inappropriate to bring to the distros list earlier than in 14 days prior
to their public disclosures, and I don't know if the public disclosure
dates on those were specific enough to achieve that.  Maybe you know?

> >It'd be helpful if you could directly address this part: "including some
> >that had been handled on (linux-)distros, meaning that membership would
> >have been relevant to you".  Without such examples yet, we'd have to be
> >guessing whether the membership would have been relevant to you or not.
> >
> >Right now, the statistics at:
> >
> >
> >
> >only go until the end of 2018, so you'd be able to use them for examples
> >dating back to 2018 and earlier.  We should ask Gentoo to update these
> >statistics soon, perhaps for period until end of June 2019, which will
> >be possible soon.
> Sure! Issues on the stats page that would not have been reported to MSRC
> but are relevant to us would include:
> - On the kernel side, issues such as CVE-2017-7533
>  ( would be
>  relevant for all our offerings.
> - Core libraries affect us as well, for example CVE-2017-1000408
>   ( This
>   would affect our Sphere and SaaS offerings, as well as probably make
>   us run through them through test gauntlet for WSLv2.
> - Higher level Linux tools, such as the one in CVE-2018-14722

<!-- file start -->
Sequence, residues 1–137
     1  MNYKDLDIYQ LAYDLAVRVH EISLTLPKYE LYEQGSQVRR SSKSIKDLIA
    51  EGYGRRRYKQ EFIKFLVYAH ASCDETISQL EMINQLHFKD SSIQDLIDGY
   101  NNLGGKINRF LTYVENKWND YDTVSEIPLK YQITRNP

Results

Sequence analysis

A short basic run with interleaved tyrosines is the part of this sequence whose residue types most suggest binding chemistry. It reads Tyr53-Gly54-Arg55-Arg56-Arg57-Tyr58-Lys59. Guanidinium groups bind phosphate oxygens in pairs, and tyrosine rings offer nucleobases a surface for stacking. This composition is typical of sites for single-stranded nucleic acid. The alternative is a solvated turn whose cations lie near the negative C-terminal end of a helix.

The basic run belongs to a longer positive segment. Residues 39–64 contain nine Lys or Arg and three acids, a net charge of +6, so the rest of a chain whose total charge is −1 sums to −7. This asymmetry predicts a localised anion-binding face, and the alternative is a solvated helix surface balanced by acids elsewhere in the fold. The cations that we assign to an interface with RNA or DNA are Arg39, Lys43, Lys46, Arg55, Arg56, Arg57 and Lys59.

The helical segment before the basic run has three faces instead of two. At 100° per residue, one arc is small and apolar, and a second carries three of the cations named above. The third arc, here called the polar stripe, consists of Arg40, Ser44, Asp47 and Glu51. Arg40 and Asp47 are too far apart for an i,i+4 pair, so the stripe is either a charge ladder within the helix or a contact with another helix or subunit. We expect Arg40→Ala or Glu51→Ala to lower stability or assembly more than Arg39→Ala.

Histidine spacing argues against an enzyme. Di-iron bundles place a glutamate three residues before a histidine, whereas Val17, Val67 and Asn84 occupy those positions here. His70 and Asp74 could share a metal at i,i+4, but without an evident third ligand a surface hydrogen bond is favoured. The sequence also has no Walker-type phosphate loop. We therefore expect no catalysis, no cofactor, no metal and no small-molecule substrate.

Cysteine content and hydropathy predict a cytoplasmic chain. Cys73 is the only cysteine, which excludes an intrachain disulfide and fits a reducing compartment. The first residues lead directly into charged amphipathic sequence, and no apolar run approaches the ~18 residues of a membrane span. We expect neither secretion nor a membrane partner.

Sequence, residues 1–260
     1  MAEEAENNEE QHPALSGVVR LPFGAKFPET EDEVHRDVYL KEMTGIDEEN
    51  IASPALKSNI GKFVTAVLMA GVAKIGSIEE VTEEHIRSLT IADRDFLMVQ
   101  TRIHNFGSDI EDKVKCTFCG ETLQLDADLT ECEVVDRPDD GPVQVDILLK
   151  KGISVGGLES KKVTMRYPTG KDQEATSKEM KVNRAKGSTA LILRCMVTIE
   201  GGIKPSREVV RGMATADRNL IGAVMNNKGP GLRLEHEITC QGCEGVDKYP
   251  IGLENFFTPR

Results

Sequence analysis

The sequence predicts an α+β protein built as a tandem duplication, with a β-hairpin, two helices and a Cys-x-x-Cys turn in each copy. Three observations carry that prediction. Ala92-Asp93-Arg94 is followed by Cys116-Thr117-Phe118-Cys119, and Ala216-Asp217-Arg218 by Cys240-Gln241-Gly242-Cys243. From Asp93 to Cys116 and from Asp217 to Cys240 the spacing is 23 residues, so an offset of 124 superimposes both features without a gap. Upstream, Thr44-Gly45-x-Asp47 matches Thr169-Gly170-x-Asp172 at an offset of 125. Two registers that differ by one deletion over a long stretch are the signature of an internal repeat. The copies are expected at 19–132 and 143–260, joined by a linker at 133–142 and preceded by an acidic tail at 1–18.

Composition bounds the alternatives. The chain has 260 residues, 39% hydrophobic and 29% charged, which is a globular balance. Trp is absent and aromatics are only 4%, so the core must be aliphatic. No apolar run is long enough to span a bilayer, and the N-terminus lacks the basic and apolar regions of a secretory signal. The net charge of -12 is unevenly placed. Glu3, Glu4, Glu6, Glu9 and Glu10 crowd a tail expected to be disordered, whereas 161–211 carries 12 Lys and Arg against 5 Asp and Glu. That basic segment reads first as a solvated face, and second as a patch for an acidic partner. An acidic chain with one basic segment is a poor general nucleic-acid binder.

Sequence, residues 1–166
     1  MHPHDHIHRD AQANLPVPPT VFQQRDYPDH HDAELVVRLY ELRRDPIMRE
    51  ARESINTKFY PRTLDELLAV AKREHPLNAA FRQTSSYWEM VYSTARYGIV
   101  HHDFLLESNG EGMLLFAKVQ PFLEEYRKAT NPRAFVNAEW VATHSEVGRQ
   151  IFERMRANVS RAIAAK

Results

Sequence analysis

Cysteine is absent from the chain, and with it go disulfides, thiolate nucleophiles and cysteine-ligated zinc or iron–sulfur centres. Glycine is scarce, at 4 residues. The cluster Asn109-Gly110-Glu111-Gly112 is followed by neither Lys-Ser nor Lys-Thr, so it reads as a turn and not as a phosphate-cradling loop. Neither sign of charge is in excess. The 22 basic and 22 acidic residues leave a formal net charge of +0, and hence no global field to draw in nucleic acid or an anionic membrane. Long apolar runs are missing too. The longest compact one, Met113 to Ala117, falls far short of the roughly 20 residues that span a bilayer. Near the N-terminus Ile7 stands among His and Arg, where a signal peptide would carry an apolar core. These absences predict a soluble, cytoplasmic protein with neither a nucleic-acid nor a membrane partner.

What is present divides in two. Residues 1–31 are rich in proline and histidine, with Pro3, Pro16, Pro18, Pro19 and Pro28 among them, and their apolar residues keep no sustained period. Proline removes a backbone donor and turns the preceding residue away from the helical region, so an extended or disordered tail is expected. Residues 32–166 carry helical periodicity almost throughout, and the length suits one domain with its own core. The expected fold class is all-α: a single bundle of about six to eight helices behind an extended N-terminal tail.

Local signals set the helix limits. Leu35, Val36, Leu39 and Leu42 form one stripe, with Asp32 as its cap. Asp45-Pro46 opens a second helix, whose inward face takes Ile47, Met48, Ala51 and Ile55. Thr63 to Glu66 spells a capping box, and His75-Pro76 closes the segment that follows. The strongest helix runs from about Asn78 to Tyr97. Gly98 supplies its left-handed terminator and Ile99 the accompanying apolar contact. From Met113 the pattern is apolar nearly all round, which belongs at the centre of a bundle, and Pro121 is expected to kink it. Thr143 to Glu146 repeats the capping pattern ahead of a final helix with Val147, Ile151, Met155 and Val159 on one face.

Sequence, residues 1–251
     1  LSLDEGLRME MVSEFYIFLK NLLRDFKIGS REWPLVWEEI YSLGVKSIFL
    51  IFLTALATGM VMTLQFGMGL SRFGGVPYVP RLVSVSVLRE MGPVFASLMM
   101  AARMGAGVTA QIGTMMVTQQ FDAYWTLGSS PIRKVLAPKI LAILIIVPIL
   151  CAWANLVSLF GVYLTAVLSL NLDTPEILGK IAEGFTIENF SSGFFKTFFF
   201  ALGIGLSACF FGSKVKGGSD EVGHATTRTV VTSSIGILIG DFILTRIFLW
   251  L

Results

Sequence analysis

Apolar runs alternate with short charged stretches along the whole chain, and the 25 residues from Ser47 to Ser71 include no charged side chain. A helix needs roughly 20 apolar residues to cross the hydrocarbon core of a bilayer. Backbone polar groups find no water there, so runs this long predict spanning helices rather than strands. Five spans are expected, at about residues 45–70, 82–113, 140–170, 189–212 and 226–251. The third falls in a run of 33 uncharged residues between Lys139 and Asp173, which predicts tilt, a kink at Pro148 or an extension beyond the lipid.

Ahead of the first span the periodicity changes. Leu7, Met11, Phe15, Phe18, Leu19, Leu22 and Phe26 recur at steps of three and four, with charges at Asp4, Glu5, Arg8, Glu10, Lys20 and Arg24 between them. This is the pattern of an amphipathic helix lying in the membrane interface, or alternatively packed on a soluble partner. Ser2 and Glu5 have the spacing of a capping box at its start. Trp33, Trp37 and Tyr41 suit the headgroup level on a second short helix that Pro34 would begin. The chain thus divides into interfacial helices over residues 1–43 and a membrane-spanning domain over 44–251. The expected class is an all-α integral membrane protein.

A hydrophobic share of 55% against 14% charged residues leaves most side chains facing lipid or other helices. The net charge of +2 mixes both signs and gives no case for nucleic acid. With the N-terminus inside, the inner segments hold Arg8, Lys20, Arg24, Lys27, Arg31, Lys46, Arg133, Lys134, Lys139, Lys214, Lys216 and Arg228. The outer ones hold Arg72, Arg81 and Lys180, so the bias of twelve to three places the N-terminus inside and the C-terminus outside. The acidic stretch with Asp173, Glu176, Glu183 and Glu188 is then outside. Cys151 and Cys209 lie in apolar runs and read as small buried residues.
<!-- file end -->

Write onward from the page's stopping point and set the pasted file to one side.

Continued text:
>   ( affect
>   mostly our IaaS offerings, but I expect that we'd again validate the
>   rest of our offerings with the fix.

Thanks!  Ideally, you'd also demonstrate that Microsoft fixed those
issues (where relevant) within days of their public disclosure (so that
some days of advance notice would have made a difference).  Can you?

Or are you merely pointing out the kind of issues that would have been
relevant to you and presumably fixed promptly now, but were not relevant
and thus were not fixed back then?  That's less than ideal if so.

> Sure, we'd love to help with the list's pain points.


> >The lack of a volunteer distro for Administrative "4. Evaluate relevance
> >to other parties ..." came up e.g. here:
> >
> >"Linux kernel: Bluetooth: two remote infoleaks (CVE-2019-3459, 
> >CVE-2019-3460)"
> >
> This could be interesting for us. we already work closely with multiple
> distros as part of our public IaaS offering, as well as my work
> maintaining the stable tree means I interact often with many subsystem
> maintainers. We could leverage that for this task.
> I think that this task would also benefit from collaboration with MSRC,
> where for example we could verify whether the Bluetooth issue you brought
> up would affect Windows, and whether issues reported to MSRC also affect
> Linux.

If Microsoft joins for its Linux offerings (including Linux on top of
Windows), then checking if the Linux issues also affect Windows (itself)
would involve sharing beyond the need-to-know condition of
(linux-)distros list policy, so isn't allowed by default.  It could
still be done with explicit approval of the reporter, though, and I
expect most people would give such approval if asked.